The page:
I had a few rides in the week before the lesson that were real doozies. Our homework had been simple: travel a round circle. Instead of nice round circles, I got whirling to the inside with a humped back or running straight through my outside rein while launching into a rear. Sydney can throw a serious temper tantrum when he wants to.
Nope, not this one. Oops, try the next door. Oh, darn; that one's closed, too.
So for the lesson, JL broke the circle exercise down into smaller chunks. We were still to stay on that prescribed circle, but we were going to teach Sydney to be more respectful of my outside aids without allowing him to escape through an "inside" door.
We picked up the trot tracking right, and halted with the outside rein. But, not only did he have to halt RIGHT NOW, he wasn't allowed to drift to the right or left, and his haunches had to stay right underneath him. And not only did he need to halt RIGHT NOW, he also needed to rock back slightly onto his hocks. And then, when he walked forward, he had to take a step to the outside by moving his shoulders over; no sagging into the circle.
We did this quite a few times until Sydney started to look for a doorway that led to OUT OF HERE. I was almost glad he did because I got to work on preventing a rear or whirl to the inside.
When he started to whirl, JL had me think, YAH! I love teeny tiny circles. Let's do it for three minutes straight! And we did. I bent his nose to my knee and sent him into the spin with my outside leg. We only had to do it twice. Slammed that door closed.
The next evasion he offered was the rear. Sometimes he simply threatens, other times he launches straight up. It used to terrify me, but I've learned that he's well-balanced, and that he doesn't really intend to lose me. Even so, it's not a behavior in which he gets to indulge. I've learned to NOT PULL BACK. Instead, I keep my weight forward and get his neck bent as quickly as possible and send him in a little circle once his feet are back on the ground.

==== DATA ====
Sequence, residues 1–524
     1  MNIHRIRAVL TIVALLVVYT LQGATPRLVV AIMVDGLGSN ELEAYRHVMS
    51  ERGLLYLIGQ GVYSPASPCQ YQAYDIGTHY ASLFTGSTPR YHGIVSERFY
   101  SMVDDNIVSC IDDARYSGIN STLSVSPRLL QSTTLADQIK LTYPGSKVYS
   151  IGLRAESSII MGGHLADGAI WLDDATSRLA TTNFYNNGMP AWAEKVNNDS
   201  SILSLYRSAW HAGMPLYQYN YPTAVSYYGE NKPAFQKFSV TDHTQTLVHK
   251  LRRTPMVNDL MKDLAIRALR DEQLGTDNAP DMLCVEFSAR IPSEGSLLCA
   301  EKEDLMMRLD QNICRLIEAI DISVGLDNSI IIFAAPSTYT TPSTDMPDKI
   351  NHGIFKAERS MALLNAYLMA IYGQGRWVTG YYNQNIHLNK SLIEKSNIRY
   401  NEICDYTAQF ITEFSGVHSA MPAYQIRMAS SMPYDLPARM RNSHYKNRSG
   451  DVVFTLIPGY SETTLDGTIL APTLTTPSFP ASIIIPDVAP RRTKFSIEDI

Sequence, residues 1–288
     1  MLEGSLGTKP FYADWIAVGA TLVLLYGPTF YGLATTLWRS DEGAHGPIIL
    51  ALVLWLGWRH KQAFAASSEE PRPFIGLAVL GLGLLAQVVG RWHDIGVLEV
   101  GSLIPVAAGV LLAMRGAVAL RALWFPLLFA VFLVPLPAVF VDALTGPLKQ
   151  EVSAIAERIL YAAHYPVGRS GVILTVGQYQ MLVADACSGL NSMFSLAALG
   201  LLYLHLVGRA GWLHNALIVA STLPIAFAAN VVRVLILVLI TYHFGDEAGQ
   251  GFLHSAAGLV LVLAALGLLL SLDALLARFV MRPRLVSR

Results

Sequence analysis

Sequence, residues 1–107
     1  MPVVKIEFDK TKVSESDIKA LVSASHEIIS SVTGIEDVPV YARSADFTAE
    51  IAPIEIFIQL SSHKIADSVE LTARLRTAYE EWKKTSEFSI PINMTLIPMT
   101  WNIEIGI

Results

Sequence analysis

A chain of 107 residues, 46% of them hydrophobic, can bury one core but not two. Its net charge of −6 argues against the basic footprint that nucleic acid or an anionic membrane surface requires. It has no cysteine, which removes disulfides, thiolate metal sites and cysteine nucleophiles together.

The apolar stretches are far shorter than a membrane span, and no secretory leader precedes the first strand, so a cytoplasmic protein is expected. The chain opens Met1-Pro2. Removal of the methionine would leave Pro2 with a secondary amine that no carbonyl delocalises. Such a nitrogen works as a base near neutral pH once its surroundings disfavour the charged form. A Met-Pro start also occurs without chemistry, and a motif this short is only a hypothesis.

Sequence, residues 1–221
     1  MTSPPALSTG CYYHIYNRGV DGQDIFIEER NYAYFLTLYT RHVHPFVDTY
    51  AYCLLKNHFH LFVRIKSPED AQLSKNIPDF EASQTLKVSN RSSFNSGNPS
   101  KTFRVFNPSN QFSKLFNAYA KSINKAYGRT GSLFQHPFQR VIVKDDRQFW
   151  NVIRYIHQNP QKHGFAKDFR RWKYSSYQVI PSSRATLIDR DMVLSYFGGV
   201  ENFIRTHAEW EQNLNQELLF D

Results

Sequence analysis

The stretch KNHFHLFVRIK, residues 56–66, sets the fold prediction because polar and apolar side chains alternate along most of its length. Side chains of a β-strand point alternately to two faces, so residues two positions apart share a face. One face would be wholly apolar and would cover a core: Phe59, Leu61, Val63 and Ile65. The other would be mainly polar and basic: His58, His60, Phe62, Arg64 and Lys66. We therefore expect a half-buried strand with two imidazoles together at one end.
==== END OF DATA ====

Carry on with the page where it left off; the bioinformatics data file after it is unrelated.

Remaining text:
JL helped me identify why he's rearing and how to prevent it from happening. Once I get an inside bend, the inside rein doesn't do anything, which means I need to take hold of the outside rein to do a halt. Sydney will then rush through it and ignore my half halts, which forces me to really haul back on that outside rein. THAT'S when I know I am going to get a rear.
So the solution is to get a halt before he can rush. As soon as I feel the tension forming in his back, he follows it up with these teeny tiny mincing little steps. As soon as I feel that, I am to tell him to halt RIGHT NOW!
It was a short lesson, maybe 30 minutes long. JL's plan was to teach Sydney to love to halt RIGHT NOW. So once he figured out that all of the doors were closed, he halted RIGHT NOW, and even quite trying to fall in, fall out, fall over. He just gave a sigh of resignation, with a little exasperation thrown in for good measure, and simply stopped square. I hopped off and that was it.
It was a GREAT lesson because it was one of the first times that I really saw Sydney trying to think his way through it. He was actually trying the knobs of different doors: is this one open? How about this one? When he couldn't find a doorway to get through, he simply gave up.
I hope this piece of the puzzle falls into place as quickly as JL thinks it will. I know this is a big step for both of us, and I know I am more than ready to get it behind us.